Holding her hand firmly, the boy led the way to his little house where the girl sat on a wooden beam on the low ceiling as he made hot chocolate. This was the beginning of their friendship.
Days went by and the girl still did not leave. The boy was quite relieved every morning to see her bright eyes as she smiled at him. Soon she tied her string to his wrist as well, and wherever he went, she floated along after.
They were quite happy, living a small, simple, sleepy life together. The boy was sure he had never felt so full before. Her eyes became his sun in the day and his stars in the evening. And he knew that he loved her with all the strength of his kind and brave heart.
But as time slipped away in its mysterious and unstoppable stream, the boy began to notice that the girl with the red balloon began to look sadder and more drawn. She no longer dreamily told him stories about incredible storms she had survived or the glorious snow-capped mountain tops she had skimmed with her toes. He tried his best to cheer her up with poetry and more cups of his best hot chocolate, flowers which he grew himself in their tiny garden and silly songs that he wrote in his head. She smiled at everything, but her eyes were less luminous, and the boy felt, too, that the sun had strangely begun to set. The red balloon which remain ever tied around their wrists began to droop and the string hung limply between them.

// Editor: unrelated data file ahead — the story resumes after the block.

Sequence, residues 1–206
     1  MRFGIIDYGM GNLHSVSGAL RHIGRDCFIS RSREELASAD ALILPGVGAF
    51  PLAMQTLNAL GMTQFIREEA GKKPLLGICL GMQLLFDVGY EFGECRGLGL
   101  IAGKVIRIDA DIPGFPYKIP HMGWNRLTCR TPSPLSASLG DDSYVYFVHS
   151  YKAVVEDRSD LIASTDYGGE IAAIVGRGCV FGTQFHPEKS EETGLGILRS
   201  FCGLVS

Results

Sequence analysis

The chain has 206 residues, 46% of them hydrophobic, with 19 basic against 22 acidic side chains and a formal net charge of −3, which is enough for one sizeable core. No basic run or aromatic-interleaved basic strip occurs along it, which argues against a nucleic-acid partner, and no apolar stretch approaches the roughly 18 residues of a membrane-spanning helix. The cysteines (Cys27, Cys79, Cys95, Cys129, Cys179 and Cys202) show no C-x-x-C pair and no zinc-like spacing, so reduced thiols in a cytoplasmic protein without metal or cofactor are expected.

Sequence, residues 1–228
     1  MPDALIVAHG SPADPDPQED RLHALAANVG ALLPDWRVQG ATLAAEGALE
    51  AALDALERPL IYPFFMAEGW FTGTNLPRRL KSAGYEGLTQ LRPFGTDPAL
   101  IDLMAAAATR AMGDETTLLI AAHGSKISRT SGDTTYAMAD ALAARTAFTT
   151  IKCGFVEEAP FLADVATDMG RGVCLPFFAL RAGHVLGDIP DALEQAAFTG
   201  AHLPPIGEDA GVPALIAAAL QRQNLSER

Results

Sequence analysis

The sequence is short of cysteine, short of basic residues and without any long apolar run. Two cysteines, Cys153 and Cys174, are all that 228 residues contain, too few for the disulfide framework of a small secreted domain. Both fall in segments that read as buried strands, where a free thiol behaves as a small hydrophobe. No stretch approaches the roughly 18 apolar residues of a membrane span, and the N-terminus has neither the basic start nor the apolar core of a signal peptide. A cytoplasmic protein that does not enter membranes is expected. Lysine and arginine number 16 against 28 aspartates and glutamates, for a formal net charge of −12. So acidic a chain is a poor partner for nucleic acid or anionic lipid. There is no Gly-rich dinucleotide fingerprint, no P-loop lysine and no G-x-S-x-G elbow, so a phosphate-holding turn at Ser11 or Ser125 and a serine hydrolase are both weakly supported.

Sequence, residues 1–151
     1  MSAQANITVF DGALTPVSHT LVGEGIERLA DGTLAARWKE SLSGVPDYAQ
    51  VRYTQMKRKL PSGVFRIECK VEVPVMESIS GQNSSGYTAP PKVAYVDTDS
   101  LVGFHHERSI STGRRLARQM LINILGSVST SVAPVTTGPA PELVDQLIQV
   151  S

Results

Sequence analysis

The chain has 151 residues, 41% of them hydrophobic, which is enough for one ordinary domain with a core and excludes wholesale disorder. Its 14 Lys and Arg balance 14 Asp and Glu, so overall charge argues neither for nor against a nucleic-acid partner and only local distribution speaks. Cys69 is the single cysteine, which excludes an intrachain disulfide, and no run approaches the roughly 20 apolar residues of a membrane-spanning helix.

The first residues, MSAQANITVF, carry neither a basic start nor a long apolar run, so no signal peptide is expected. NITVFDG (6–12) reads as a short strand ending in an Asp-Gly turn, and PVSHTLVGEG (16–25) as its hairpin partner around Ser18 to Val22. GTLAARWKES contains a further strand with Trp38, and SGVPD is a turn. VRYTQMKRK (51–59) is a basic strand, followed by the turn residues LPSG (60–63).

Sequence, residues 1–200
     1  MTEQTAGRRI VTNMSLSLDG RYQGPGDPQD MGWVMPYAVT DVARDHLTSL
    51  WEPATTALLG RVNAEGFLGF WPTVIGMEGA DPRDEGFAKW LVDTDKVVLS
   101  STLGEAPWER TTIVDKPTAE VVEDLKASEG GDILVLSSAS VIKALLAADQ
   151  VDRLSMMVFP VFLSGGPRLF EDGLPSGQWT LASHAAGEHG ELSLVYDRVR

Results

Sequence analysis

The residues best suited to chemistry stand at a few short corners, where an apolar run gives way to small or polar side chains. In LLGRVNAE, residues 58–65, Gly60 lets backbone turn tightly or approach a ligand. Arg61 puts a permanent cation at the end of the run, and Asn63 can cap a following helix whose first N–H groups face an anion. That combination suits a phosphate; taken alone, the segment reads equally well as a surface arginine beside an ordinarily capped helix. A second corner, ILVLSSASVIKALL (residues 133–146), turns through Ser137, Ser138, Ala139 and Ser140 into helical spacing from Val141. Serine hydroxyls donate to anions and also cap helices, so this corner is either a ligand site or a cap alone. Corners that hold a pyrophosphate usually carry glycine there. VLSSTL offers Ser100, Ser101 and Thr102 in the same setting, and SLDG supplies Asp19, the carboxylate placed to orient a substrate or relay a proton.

The boy secretly felt happy that she began to come nearer to the ground every day because it meant she was getting nearer to him and his earthbound life. Yet it was a guilty and selfish happiness. It was a happiness he was ashamed of, and at the same time, he felt a deep sadness to see his bright girl with the red balloon lose her color and life that was once a part of her.
One morning, as the day dawned golden and clear, a terrible thing happened. The balloon had shrunk so much it could just hardly bear the girl’s weight and the girl’s feet touched the ground for the first time.
Her pale and empty expression shook the boy like an electric bolt and he knew he could no longer keep her.